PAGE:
Resilience above the Arctic Circle

  • Published
  • Tech Sgt. Aaron Thomasson, 501st Combat Support Wing Public Affairs

The activities that build resilience are different for everyone. For Stephen Skinner, transportation specialist at the 426th Air Base Squadron in Stavanger, Norway, his recharge activity is sailing. For a man who grew up around the sea, perhaps this isn’t surprising.

“I grew up around the south coast, Portsmouth Naval Base area in the U.K, and my dad was a shipwright who worked for the military sailing center in our hometown,” said Skinner. “One of the most vivid memories I remember was one of the very few days I was actually allowed off school when HMS Hermes came back in from the Falklands War in ‘82. We were right behind it in one of the yachts so we saw all of the fireworks, and that’s obviously the command ship of the fleet as it all came back in through Portsmouth harbor. I still remember that now, sailing right behind the aircraft carrier.”

After growing up near the sea, Skinner joined the British Army, which might surprise some readers. However, it turned out for the best.

“When I was in the Army they were like, ‘Hey Skinner, you grew up near the water right, right, you’re a volunteer.’ And next thing I knew I was going sailing in Kiel in Northern Germany. The British military had an adventure sail training center there which they use for their adventure training program.”

The adventure training program, much like the U.S. Air Forces in Europe and Air Forces Africa GRIT program, developed resiliency skills and self-confidence that servicemembers could take back to their units and missions. Skinner spent three years as military skipper and sailing trainer, before transitioning to the civilian world where he continued as an instructor for five more years. He credits this experience with giving him a different perspective on day-to-day troubles.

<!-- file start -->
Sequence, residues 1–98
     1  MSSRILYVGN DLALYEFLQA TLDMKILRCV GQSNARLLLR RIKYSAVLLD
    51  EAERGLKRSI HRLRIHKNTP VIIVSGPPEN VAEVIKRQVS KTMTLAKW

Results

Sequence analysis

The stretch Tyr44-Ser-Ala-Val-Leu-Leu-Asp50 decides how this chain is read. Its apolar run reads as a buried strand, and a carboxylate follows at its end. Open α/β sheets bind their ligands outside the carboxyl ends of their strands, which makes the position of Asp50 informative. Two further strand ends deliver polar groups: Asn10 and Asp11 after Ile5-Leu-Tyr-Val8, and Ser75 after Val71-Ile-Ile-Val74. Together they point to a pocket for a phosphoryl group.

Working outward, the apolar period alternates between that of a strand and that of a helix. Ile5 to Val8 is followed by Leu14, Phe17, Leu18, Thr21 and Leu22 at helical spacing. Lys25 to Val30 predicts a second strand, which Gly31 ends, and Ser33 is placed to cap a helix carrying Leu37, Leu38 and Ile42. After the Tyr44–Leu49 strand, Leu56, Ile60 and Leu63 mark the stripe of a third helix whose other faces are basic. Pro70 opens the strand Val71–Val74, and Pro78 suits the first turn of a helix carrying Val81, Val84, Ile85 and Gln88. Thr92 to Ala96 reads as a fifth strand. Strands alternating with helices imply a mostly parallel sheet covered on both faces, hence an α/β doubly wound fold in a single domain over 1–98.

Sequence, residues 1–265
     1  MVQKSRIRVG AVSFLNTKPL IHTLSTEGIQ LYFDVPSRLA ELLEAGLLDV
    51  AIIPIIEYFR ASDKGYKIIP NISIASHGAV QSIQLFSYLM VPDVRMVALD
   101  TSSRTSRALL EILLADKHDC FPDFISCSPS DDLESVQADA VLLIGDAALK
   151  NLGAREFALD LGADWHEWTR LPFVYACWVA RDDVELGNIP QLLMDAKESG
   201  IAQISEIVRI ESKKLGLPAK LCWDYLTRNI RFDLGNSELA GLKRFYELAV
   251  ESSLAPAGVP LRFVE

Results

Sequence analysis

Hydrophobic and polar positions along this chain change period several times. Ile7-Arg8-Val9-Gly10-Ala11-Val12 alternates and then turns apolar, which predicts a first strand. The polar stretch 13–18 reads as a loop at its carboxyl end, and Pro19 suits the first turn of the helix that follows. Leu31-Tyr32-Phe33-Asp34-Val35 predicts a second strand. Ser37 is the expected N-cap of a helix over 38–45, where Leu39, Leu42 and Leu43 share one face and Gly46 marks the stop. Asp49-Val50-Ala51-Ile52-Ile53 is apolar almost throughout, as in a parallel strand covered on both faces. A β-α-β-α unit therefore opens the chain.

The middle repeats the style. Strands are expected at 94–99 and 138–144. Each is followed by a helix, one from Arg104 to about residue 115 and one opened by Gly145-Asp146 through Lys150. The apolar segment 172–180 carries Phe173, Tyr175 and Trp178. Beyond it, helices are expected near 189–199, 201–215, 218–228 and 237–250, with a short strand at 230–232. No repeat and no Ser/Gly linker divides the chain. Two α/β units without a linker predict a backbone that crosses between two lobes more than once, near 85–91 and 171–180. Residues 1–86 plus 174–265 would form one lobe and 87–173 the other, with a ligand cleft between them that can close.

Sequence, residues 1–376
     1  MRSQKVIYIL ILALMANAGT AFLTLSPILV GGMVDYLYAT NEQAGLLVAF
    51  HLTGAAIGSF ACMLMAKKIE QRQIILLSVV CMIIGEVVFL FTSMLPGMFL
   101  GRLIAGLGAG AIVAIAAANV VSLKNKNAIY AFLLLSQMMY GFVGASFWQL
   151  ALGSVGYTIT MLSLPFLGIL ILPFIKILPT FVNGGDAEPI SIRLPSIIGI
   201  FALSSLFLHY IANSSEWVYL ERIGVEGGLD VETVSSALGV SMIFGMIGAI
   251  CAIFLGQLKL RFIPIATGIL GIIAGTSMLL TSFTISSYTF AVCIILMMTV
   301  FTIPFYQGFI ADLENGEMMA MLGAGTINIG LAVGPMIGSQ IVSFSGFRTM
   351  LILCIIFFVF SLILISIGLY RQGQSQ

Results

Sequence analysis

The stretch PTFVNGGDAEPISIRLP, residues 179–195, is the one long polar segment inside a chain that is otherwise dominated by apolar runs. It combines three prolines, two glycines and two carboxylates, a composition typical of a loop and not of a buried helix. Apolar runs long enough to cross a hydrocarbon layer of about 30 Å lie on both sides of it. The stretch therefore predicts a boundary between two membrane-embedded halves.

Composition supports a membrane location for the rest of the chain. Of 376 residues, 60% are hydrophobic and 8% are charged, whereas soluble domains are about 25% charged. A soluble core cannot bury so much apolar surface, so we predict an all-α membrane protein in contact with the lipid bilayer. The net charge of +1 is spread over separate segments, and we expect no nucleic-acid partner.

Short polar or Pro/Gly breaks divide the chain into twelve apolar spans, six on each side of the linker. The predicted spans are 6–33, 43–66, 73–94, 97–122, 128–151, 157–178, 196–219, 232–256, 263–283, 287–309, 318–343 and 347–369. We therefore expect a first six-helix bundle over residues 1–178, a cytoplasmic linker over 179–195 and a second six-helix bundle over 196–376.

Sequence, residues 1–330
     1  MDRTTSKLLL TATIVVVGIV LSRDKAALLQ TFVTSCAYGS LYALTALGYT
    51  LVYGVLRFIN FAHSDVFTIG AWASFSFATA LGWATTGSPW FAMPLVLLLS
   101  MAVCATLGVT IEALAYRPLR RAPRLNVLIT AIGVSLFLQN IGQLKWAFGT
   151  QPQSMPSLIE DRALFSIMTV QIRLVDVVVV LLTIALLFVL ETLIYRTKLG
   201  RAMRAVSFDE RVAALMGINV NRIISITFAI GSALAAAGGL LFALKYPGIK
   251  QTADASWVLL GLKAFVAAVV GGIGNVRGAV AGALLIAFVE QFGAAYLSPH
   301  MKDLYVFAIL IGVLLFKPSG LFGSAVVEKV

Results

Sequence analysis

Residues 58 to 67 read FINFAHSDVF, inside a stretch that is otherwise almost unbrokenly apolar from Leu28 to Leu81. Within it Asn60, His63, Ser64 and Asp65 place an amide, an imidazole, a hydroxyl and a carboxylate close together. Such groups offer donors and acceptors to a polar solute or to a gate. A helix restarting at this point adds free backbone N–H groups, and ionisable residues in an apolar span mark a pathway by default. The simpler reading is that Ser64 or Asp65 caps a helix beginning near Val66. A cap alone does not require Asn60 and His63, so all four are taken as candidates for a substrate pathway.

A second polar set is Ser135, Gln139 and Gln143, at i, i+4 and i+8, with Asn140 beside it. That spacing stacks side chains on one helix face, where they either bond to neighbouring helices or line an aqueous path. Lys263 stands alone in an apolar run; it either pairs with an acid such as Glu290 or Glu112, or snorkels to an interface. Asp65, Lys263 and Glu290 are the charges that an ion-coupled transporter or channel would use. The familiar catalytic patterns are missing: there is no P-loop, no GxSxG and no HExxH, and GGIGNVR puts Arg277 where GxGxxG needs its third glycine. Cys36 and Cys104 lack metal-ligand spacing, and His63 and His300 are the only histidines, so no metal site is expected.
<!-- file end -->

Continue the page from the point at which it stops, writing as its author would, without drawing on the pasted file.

“I can put my finger on three or four situations that were genuinely life-threatening situations for my crew and for me as the skipper,” he said. “Being in a storm in the middle of the night when it’s pitch black in the North Sea gives you a different outlook and a different way of dealing with problems. Some people who have not been in those situations deal with things differently than someone who has been put in those life-threatening situations where you have to make command decisions for your subordinates and the people whose lives depend on you.”

For Skinner though, it’s not enough to sail familiar inlets and coastlines. In the summer of 2019, he and his father-in-law decided to sail from Stavanger to Svalbard, a Norwegian island above the Arctic Circle, and only 600 miles from the North Pole.

“I always say to myself, every five or six years I need a challenge, I need that push,” he said. “I believe that people’s experiences and doing different things to push yourself personally, then you build on those as a human and you apply them to your home life and your work life. That shows maturity and improves the way you deal with problems in life.”

The trip plan meant that Skinner and his family would spend five days sailing the open waters of the Arctic Ocean. In the middle of the Arctic, halfway to Svalbard, their sailboat would be so far away from land that they would be outside the range of helicopter rescue in the event of a crisis. Stormy weather on the trip forced Skinner to anchor at a tiny island, the only refuge for hundreds of miles in any direction.

“There was no real protection or harbor as such,” he said. “There was a small cove inlet that was surrounded by hundred foot cliffs, so what wind and waves came in resonated around there, which kind of amplified the situation. The boat was constantly going up and down one to two meters. No one got any sleep for almost 48 hours.”

For Skinner, riding out a storm on the Arctic Ocean is just another part of his overall experience of resiliency.

“Sailing is my comfort zone,” he said. “There’s just that independence, and when I get on a boat I suppose I just feel at ease with the world. You reset yourself ready to take on the challenges of a busy adult life nowadays whether it be at work or at home. It just develops you and gives you a sense of perspective and satisfaction.”

If you would like to share your own story of resilience, contact the 501st Combat Support Wing Public Affairs office at